Love of Kill is Every Double-Crossing Spy Movie Packed Into a Manga Series – Which is as Thrilling as It Sounds
When I first started reading Love of Kill, I don’t think I was ready to really understand what this series would turn into. The character writing is brief, and the backstory runs deep for each plot point introduced, making the first few chapters confusing to follow. However, then I realized what was going on. I was basically reading the opening of a film such as Mission Impossible or The Departed.
I was being drip-fed information throughout the chapters about these characters and their current carrier paths, but I thought I wanted a detailed explanation of these characters. I used the word “though” because the payoff is so definitely worth it to stick through.
Love of Kill is written by author Fe and was developed based on a webcomic version. Although many of the characters are expanded on in the published release, the title of the original, I Wanted to Read a Manga About an Assassin Couple in Love so I Started Drawing One, is still found in this serialized release. Romance is a significant topic within the opening of the story, but it’s very one-sided and often overshadows the more important plot points. However, it does establish some interaction between the story leads, Chateau Dankworth and Song Ryang-ha.
Chateau is a bounty hunter, and Song is an assassin. While the reason for their meeting wasn’t pleasant, they end up running into each other many times after. Their relationship is not overly fanservice or in your face. Instead, it’s subtle and almost innocent most of the time. Like the plot, you’re constantly guessing if this is when their feelings will show, but like the core narrative, that is a slow burn. These characters are all about pointing their guns first and talking later, which is amazing in execution. They’re so over-the-top in the roles they play that it’s almost like you need a bowl of popcorn while reading.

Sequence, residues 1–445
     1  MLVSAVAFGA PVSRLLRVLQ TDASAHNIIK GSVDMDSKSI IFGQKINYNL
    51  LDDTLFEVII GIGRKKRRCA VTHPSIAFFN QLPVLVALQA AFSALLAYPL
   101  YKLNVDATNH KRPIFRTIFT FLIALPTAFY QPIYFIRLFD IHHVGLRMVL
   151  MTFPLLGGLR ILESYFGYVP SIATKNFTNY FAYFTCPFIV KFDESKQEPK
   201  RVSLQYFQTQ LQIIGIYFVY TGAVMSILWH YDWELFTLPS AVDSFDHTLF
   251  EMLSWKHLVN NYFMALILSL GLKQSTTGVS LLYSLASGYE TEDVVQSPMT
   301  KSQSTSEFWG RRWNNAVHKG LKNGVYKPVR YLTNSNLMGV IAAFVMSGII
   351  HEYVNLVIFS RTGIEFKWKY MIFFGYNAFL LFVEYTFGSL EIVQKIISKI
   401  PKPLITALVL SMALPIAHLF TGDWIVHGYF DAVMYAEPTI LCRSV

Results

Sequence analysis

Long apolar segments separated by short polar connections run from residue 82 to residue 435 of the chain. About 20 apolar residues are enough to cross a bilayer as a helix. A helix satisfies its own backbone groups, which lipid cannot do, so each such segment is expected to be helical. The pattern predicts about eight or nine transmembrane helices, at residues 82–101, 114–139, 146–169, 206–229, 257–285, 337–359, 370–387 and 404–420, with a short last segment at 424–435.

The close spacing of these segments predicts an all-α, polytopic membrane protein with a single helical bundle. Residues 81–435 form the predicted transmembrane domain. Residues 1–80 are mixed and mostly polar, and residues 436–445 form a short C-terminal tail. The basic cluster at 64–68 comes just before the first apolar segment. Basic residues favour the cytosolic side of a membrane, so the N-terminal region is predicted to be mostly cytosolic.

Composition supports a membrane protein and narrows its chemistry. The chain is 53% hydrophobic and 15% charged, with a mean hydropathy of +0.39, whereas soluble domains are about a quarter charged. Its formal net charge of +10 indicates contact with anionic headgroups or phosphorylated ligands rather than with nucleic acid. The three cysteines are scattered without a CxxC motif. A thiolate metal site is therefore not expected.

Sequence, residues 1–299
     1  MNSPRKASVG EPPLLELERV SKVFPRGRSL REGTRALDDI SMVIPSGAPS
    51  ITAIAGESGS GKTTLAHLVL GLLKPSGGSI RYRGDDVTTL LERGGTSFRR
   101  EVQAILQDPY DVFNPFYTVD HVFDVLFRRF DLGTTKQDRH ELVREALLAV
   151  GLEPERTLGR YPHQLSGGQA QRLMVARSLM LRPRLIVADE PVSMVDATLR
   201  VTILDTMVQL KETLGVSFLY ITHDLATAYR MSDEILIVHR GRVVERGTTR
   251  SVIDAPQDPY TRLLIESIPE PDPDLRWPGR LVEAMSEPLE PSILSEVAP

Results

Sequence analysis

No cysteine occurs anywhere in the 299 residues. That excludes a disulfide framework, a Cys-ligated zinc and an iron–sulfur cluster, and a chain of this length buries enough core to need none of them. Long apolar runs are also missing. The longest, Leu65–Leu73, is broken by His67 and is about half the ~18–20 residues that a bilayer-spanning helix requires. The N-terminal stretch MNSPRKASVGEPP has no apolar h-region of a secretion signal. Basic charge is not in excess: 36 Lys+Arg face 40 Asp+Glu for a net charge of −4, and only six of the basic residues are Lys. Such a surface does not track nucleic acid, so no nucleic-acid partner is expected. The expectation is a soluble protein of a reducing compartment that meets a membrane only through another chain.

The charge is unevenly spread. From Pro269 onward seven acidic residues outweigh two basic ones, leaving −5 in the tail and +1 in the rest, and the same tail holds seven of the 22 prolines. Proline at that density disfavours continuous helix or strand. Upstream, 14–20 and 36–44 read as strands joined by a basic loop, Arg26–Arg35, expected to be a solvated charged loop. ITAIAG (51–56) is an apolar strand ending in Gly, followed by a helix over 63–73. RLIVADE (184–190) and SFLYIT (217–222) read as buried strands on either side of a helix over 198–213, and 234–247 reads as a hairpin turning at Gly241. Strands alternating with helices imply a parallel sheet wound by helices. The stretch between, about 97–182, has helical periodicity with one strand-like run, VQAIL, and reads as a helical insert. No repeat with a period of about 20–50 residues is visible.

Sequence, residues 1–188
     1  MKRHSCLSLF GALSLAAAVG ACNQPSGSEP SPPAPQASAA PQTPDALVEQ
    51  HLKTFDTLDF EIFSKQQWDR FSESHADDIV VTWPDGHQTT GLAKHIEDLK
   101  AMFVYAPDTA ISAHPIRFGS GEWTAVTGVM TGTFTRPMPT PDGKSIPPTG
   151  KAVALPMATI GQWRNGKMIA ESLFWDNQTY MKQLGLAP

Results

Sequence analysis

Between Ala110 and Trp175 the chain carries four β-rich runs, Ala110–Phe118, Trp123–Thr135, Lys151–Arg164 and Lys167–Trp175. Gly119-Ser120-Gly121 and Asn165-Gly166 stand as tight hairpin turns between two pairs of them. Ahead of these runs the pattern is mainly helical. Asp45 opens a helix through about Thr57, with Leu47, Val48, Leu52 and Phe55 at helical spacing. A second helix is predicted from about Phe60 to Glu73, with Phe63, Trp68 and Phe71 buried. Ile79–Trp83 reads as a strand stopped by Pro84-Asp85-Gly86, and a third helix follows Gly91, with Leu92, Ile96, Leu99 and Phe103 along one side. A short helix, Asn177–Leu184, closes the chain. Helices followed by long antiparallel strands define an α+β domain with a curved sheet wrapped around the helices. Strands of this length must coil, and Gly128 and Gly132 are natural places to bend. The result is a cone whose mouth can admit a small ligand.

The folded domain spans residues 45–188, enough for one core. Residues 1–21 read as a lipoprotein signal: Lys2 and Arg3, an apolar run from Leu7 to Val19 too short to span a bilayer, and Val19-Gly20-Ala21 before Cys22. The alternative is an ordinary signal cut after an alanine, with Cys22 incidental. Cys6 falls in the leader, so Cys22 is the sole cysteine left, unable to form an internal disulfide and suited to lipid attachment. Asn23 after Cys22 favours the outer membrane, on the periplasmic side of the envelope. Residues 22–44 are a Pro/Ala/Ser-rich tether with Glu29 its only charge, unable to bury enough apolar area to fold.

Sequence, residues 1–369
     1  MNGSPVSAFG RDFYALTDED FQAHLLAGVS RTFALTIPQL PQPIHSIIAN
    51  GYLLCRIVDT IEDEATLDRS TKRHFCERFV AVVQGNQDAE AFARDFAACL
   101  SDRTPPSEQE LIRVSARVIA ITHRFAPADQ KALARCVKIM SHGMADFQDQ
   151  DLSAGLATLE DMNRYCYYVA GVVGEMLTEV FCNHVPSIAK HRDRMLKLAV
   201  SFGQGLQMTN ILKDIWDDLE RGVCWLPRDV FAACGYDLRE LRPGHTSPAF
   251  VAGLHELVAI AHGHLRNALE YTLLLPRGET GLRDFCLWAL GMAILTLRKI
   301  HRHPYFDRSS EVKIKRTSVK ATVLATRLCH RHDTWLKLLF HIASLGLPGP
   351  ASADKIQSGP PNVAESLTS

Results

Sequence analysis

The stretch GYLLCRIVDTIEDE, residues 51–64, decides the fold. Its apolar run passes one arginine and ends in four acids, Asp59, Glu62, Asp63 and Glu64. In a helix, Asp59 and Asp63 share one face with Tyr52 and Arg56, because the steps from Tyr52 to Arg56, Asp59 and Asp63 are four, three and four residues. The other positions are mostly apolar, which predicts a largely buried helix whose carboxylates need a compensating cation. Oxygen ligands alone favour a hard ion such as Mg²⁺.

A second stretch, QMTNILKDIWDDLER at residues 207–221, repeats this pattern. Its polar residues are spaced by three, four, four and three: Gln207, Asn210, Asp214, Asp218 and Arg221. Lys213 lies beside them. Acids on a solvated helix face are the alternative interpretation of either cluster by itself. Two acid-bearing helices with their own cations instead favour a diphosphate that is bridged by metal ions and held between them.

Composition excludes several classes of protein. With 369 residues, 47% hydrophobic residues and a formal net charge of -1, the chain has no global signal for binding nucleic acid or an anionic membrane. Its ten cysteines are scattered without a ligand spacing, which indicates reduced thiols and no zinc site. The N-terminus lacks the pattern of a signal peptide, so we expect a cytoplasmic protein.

Each chapter introduces a different angle of espionage, adding to the high (and sometimes unnecessary) drama during flashbacks. You have every possible assassin or spy movie narrative on full display. You know, double-crossing, triple-crossing, fake death, hidden pasts, you name it, it’s here. The story builds on these plot points far past the established romance, which still finds a way to remain a central theme. To that point, you begin to hold onto the romance for dear life because it’s the only grounded thing in the story.
What’s impressive is how toned down the writing is. So much of the action occurs in the panels, with very little dialogue between the characters. Instead, their facial expressions tell more of the story, with slight smirks of plotting revenge or a side eye to show they are watching someone. This creates a balance within the pacing so we can focus on the events rather than a ton of dialogue shoved in our faces that might go over our heads.
Love of Kill is one of the few manga series that paid off the more I stuck with it. The first volumes didn’t leave a good impression, but then something snapped in Volume 3 that completely changed my perception of the series. Now, it’s one that I can’t stop recommending. Fe seems to know their audience with subtle jokes and behind-the-scenes notes sprinkled as intermissions during chapters. It also serves as a way to explain some of the more outlandish scenes.
The series ended with Volume 13 in January of this year, but Love of Kill Vol. 11 is gearing up to release in the west later this month from publisher Yen Press. I encourage you to give this series a chance because sticking with it was the best decision I could have made. There is also an anime adaptation available.
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